First, set up your rewards structure. Rewards are what Kickstarter calls your main product offering. When someone pledges to your Kickstarter campaign, they are technically donating to you. In return, you are making a promise to give them something.
That said, we must treat Kickstarter like what it is: an e-commerce platform.
As with all e-commerce, you want to be careful about offering too many products during the campaign. We want to make a reward structure that is easy to understand.
Tactics we will use:
- Price anchoring
- Scarcity through limited quantities
- Urgency through limited time availabilities
Now let’s dive into actually creating your reward structure. First, download our Reward Structure Spreadsheet which will help you design your pricing.
Enter in every product you will be offering in your campaign.
You’ll want to enter in both the estimated retail prices and cost of goods sold (COGS) of each item you will be offering. This will help you in the next tab on the spreadsheet.
After you have listed everything out, you can now design the reward structure.
I suggest first answering the question: what is the lowest price I am willing to discount my product at? Typically, the biggest discount should be over 30% off the expected retail price.
On Kickstarter, a very effective tactic is what we call Reward Stacking.
You pick your main product offering and then design 3 discount tiers. For MyWidget, the main product offering is the MyWidget product. The reward stack is as follows:
- Super Early Bird: $59 (40% discount)
- Early Bird: $69 (30% discount)
- Kickstarter Special: $89 (10% discount)
We use the Super Early Bird tier to fuel the launch. If you remember, we’ve been building an email list and letting them know that a huge benefit of being a part of the community is getting access to the best deal. We typically leave the Super Early Bird open for at least the first 24 hours of the campaign.
After closing it out, the Early Bird becomes available. We plan to sell the Early Bird for the remainder of the campaign.
You may be asking: “why have the Kickstarter Special then?”. The Kickstarter Special acts as what is known as a price anchor. It’s the same reason why when you go to a steakhouse, they have one ridiculously priced steak on the menu. After seeing that, the others don’t look so bad (even if they are still expensive).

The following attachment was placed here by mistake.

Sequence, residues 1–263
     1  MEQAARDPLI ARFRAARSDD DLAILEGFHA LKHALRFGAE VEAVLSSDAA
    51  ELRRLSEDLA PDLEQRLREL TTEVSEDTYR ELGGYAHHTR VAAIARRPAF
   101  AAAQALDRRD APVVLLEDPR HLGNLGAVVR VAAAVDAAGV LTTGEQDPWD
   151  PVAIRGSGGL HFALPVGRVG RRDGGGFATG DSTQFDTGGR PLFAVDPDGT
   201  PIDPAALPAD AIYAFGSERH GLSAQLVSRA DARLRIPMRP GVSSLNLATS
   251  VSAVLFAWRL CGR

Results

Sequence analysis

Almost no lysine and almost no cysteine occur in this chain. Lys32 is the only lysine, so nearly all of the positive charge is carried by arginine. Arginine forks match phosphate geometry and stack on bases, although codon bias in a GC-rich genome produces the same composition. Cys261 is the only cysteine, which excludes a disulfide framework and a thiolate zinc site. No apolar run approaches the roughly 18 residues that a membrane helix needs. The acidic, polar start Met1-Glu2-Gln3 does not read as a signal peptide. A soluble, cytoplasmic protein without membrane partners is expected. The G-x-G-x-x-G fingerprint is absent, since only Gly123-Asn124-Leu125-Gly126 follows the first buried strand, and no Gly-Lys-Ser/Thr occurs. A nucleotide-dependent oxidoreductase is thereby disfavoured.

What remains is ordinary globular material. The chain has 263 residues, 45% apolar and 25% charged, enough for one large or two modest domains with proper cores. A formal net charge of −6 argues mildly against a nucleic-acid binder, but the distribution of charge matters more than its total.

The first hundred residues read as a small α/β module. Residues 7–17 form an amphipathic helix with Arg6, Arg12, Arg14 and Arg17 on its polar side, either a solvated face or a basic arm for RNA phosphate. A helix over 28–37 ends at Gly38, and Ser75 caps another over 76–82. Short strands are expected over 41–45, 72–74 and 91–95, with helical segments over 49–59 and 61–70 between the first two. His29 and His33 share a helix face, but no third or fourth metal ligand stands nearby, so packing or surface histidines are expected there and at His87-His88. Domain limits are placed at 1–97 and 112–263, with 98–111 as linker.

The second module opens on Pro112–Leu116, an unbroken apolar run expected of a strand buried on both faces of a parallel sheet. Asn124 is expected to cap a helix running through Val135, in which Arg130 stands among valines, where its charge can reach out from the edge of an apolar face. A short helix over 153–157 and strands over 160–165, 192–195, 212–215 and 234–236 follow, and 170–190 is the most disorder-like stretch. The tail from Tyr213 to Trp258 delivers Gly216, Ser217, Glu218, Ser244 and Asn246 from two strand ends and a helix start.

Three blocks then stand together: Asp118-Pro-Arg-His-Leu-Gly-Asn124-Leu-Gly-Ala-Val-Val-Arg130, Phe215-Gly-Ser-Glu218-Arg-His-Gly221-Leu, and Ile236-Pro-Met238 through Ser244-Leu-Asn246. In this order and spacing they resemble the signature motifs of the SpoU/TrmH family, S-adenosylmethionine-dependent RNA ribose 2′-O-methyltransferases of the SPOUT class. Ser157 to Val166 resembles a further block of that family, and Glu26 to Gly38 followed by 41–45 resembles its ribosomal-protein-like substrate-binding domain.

In the same way, it reminds prospective backers that the price may go up, so they better take advantage of the discount you are giving them now.
Besides stacking your main product offering, you will always want to offer multi-packs. This is very straightforward. Two and four packs are most common. Simply make the discount slightly better as they order a higher quantity.
With your campaign live, it’s time to tell your community!
Email marketing strategy during the campaign is broken down into three phases:
- Launch : the first 14 days after you go live
- Middle : time between launch and ending phases
- Ending : the final 7 days of the campaign
The majority of your sales from your email list will come during the Launch phase and it is the most important phase to get right.
The launch is the most exciting time of your campaign and we need to play to that excitement with your email strategy.
During this phase, you are going to be emailing your list a lot. Probably more than you feel comfortable with. It’s okay because with each email we are providing valuable content and/or a valuable offer.
To give you an idea of how many emails we typically send, here is the timeline of emails we sent for eWheels.
8 a.m.: Announce the launch to the email list.
5 p.m.: Recap how much we got funded over the day and remind them that there are still discounted products available.
8 a.m.: Announce a new reward that is still an amazing deal if they missed out on the first-day deal.
5 p.m.: Remind them that the deal will close at midnight.
8 a.m.: Educate them on the #2 reason why backers backed the campaign. Let them know that tomorrow we’ll share the #1 reason.
8 a.m.: Educate them on the #1 reason why backers backed the campaign.
8 a.m.: Give them answers to our frequently asked questions.
8 a.m.: Share testimonials from past customers and exciting comments and messages from current backers.
8 a.m.: Remind them that at midnight the current discounted reward will close and the price will rise.
5 p.m.: Give a final reminder that the price will go up at midnight.
That was 10 emails over the course of two weeks, helping drive over $80K in revenue for the campaign.
In the end, building a pre-launch email list takes the uncertainty out of how you will get your initial backers for your crowdfunding campaign. Instead of launching your campaign and praying that backers will magically appear, you are taking control by building a community of people that want to buy your product before you even launch.
Building your pre-launch email list is just one part of running a successful Kickstarter or Indiegogo campaign. You can learn much more by visiting these links:
Learn how to get your backer reward shipped out as planned and prevent your campaign from running into common but costly mistakes that other crowdfunders have made. Download “The Complete Crowdfunding Fulfillment Guide.”